My 6 month old daughter seems to have a lot of ear wax, more than my son did. Is this something to be concerned about or just keep picking it out as it comes? Kinda gross, I know.

Excessive ear wax production is not typically a problem. The body makes the wax (cerumen) to offer protection and a self-cleaning process for the ear canal. If there is more than needed, it just overflows out of the canal and causes the sticky yellow-brown mess that your daughter is experiencing. The most likely potential problem that could arise from higher wax production would be an accumulation that forms an impaction, or hard plug in the canal, which could cause pain or hearing difficulties until removed. This is especially likely when a cotton swab is used in an attempt to clean the ears, as it pushes wax further into the canal more than it can bring it out. The cotton tip can actually get stuck in a person’s canal and need to be removed in the office, and it can be a source of infection if that happens. Most of the parents who mention wax concerns to me in clinic are reassured when they hear that the eardrums are easily visible and the ear is functioning exactly as it should. If you have concerns, please voice them to your daughter’s pediatrician so that they can be sure to check her ears and answer any more questions you might have.

Are vitamins necessary for kids?

Vitamins and supplements, along with anything else that can have an impact on a child’s health, should be looked at as a medication. Most healthy children with a balanced diet do not need vitamin supplementation, though certain age groups (infants under 1 year old, girls going through puberty) are much more likely to need them. The daily requirement of vitamin D, for instance, is 400 IU for infants and 600 IU in older children. Unfortunately, vitamin D and iron are not filtered well from the mother into her breast milk, so no matter what the mother’s levels of these nutrients are, exclusively breastfed babies need supplementation to attain levels needed for optimal growth and development. The same holds true for formula-fed babies taking less than 32 ounces per day of iron-fortified formula. Most children over 1 year old, even if exclusively receiving breast milk for fluid intake, should be able to meet the recommended levels of nutrients within a balanced diet. The iron requirements increase for pubertal girls once they begin menstruating, so emphasizing iron-rich foods during adolescence is important. Despite increased needs, most adolescents still will not require supplementation if they are eating a well-balanced diet.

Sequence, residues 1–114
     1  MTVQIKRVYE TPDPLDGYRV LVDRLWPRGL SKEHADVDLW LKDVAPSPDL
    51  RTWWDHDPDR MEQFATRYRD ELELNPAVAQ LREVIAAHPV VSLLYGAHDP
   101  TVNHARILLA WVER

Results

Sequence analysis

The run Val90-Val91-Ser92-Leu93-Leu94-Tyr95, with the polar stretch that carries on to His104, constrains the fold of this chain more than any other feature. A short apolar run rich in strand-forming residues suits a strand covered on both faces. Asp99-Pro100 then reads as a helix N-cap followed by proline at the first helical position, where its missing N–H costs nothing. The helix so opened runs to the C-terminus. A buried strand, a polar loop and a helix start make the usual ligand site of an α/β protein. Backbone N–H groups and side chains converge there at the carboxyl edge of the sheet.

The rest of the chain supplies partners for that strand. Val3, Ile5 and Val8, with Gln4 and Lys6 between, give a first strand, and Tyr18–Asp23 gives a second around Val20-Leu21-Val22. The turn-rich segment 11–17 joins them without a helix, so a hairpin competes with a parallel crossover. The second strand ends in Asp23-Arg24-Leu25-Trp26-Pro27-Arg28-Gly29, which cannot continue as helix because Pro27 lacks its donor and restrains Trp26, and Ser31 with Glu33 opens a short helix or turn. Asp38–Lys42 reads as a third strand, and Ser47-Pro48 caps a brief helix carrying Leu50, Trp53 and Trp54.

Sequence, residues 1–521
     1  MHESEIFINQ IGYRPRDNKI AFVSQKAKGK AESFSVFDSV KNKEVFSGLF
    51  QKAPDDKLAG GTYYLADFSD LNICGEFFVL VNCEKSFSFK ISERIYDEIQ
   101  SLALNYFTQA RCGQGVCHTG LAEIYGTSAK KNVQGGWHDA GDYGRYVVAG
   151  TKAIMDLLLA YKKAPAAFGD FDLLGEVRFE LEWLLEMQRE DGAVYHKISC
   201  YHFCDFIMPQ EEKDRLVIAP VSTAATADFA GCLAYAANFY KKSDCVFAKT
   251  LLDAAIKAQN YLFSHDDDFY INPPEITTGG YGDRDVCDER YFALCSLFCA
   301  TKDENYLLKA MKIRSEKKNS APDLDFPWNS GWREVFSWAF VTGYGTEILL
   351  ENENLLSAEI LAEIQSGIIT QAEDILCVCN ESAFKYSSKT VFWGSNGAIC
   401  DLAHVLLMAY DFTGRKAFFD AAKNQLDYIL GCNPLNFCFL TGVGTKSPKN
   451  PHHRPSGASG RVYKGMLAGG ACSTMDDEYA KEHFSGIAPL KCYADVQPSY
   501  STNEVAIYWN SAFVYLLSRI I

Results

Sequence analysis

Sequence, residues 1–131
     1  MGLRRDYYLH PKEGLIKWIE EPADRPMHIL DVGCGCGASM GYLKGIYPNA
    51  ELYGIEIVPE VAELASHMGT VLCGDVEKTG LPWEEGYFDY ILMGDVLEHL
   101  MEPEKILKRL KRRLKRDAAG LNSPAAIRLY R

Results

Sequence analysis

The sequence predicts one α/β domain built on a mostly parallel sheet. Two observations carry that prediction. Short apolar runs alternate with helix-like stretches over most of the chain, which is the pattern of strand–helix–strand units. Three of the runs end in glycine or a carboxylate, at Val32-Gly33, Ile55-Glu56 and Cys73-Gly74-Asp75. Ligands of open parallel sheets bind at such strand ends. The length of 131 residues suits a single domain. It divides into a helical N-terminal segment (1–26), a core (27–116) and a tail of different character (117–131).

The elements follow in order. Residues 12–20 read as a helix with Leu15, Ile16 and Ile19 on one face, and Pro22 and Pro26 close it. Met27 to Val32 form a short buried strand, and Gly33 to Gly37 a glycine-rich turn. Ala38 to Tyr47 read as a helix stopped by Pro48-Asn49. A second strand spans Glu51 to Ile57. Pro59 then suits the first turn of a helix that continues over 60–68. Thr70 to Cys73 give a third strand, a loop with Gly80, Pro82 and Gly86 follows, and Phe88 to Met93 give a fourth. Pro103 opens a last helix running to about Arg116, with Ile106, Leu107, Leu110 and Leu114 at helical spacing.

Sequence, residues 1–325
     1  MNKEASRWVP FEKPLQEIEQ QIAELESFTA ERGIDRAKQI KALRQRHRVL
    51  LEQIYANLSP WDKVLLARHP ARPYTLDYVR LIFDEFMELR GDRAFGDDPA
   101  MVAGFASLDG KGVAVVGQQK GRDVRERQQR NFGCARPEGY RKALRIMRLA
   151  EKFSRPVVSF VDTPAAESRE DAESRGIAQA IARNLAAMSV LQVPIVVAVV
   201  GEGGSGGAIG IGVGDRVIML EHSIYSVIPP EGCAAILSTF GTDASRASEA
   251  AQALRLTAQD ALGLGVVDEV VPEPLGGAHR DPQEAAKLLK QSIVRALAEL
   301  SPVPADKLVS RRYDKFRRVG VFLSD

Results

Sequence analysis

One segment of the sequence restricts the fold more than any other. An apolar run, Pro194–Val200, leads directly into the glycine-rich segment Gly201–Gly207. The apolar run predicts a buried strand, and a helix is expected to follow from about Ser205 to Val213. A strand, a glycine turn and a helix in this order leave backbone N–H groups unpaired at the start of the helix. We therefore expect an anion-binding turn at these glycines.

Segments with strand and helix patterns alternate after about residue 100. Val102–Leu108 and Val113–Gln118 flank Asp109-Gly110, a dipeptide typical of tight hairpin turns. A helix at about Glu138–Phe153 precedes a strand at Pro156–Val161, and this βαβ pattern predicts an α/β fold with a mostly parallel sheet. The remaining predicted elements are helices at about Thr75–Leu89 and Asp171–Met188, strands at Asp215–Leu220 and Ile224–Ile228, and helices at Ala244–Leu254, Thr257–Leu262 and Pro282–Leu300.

Mega-doses of vitamins can cause unnecessary side effects or even be dangerous.  Even the popular high doses of vitamin C to ward off illness can cause headaches, cramping, and diarrhea. Fat-soluble vitamins (A, D, E, and K) are especially prone to causing side effects or serious problems if taken in mega-doses.

Please discuss with your child’s doctor if you feel your child might benefit from supplemental vitamins due to picky eating, special dietary needs (vegetarian, no dairy, use of cow’s milk alternatives, allergies), or symptoms that you would like to address—ideally before starting the supplement.

It is important to remember that vitamins and supplements can have significant benefits and side effects, so always tell your child’s doctor everything that he or she is taking, not just prescription medication.

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